If you were to look at the product announcements coming out of IFA 2014 this week, you likely would believe that wearable technology was one of the hottest and most successful technology product segments out there. Sony has introduced its 3rd generation Smart Watch and Samsung has announced their 6th smart watch. Everyone is throwing their hat in the ring, so much so that the market is starting to get flooded with “me too” devices from companies such as Epson and Garmin. But the truth is that the segment has yet to have a break out hit. Nike and Fitbit have seen significant traction with their fitness bands and Pebble set Kickstarter records, but none are breakout stars, and Google is struggling to find public acceptance for Glass.
Looking at the current landscape of wearable devices, it is easy to be reminded of the early days of MP3 players. Similar to Rio’s PMP300, Pebble emerged as the first successful consumer “smart” wearable, selling over 400,000 units over the past 2+ years. The company’s first cellphone-connected watch raised a stunning $10.3M on Kickstarter and found an immediate audience with techies. But the watch is comparatively simplistic to wearable devices hitting the market today and hasn’t found a connection with consumers. Samsung, much like Creative at the time, is releasing device after device hoping to find the sweet spot in the market. The company continues to release new models to explore different designs and mixes of functionality, though none have found a niche in the market yet. With some of the top selling mobile phones in the world, you would think Samsung would be able to find success. So the question remains…what will it take for a wearable device to become mass market?
One of the last heavy-hitter, tech brand names to enter the market is rumored to be unveiling their smart watch next week. Will Apple be the first company to find a truly mass audience for their wearable device? The company, in the past, dominated the MP3 player market and pushed the technology of mobile phones forward into the 21st century. But a watch is not a phone; it is always on display and needs to perfectly complement you for almost any occasion. By definition, anything wearable needs to be stylish and enable the owner to express himself or herself through it. Clothing and accessories are produced by hundreds, if not thousands, of brands and occupy practically every price point imaginable. This incredibly complex matrix allows the wearer to find what suits them and their personality. Clearly Apple understands this, as they have brought onboard the former CEO of Yves Saint Laurent, Paul Deneve, and several senior personnel from TAG Heuer. But will it be enough to make their device useful to the consumer while being fashionable, practical, and unique?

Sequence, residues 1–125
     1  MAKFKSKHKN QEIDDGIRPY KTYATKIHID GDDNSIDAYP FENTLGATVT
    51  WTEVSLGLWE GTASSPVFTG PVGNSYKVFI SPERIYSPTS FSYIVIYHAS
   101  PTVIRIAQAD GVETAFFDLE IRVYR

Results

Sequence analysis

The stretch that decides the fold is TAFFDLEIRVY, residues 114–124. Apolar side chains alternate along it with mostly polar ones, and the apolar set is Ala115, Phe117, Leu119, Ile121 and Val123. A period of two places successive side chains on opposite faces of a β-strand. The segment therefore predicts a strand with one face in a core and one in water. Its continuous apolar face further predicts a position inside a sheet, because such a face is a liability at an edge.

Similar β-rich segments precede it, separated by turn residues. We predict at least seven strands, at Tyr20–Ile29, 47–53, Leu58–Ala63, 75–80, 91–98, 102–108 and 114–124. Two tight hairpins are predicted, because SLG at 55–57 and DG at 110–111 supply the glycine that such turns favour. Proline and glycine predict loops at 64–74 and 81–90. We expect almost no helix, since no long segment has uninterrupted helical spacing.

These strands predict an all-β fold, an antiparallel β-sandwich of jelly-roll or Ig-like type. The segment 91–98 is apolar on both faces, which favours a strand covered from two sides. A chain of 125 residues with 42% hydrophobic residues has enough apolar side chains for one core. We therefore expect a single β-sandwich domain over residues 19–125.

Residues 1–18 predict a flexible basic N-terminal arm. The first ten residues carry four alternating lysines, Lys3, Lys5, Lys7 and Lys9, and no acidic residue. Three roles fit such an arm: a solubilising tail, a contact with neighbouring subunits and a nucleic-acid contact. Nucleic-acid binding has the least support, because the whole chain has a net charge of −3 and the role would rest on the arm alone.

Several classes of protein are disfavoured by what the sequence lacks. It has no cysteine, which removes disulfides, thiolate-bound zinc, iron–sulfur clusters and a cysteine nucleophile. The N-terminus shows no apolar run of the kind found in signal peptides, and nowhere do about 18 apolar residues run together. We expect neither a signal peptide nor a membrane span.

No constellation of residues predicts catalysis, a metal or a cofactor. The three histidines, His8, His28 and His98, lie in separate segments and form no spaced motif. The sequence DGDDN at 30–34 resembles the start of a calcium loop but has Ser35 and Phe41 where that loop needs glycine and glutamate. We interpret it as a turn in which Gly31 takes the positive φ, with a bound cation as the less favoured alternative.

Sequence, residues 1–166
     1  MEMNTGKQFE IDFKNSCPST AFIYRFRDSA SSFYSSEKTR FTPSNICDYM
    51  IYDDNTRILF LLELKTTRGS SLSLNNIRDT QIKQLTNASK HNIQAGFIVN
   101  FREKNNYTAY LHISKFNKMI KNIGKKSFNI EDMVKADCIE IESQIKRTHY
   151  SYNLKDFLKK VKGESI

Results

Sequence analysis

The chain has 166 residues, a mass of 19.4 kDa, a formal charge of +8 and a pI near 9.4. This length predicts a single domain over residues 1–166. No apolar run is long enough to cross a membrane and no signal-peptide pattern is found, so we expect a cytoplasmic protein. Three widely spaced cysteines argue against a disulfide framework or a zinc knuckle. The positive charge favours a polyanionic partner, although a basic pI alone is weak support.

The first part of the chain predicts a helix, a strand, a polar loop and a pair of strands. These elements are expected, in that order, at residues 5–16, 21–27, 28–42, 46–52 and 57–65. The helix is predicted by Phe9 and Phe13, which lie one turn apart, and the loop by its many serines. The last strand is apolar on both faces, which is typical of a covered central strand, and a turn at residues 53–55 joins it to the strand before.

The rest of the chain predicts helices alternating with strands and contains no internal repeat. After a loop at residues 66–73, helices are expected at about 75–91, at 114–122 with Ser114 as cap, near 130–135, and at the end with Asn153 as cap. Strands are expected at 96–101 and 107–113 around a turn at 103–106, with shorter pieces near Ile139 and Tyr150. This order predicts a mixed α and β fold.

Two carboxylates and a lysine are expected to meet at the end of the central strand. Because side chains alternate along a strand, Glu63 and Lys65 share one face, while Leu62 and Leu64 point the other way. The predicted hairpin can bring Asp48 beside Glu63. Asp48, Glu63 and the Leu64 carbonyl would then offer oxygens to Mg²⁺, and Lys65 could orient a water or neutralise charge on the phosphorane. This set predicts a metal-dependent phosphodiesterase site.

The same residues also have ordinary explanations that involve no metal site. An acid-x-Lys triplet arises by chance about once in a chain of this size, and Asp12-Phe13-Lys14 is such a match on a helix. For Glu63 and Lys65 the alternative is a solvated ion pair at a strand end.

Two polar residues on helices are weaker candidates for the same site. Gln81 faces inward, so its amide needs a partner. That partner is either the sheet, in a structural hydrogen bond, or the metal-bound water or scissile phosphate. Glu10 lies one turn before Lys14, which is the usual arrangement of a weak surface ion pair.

Fashion brands seem to be recognizing that even if there is technology involved, the fashion of the wearable technology needs to front and center. We are witnessing designers partnering with technology companies to develop products that put fashion first. Tory Burch, Diane Von Furstenburg, Ralph Lauren, and Rebecca Minkoff have all launched devices that utilize their brand’s design sensibility and offer feature sets that they believe their audience would make use of.
Hopefully, by this time in 2015 the smoke will have started to settle in the wearable technology market. With major names in tech and fashion now getting involved, it is up to the consumer to decide how things play out. Is innovation king? Are we waiting for a company with a history of defining emerging tech segments? Or, are consumers waiting for a uniquely styled device from their favorite designers? While it is obvious that design will play a huge role in wearable technology, will it be the most important attribute? Let us know your thoughts in the comments.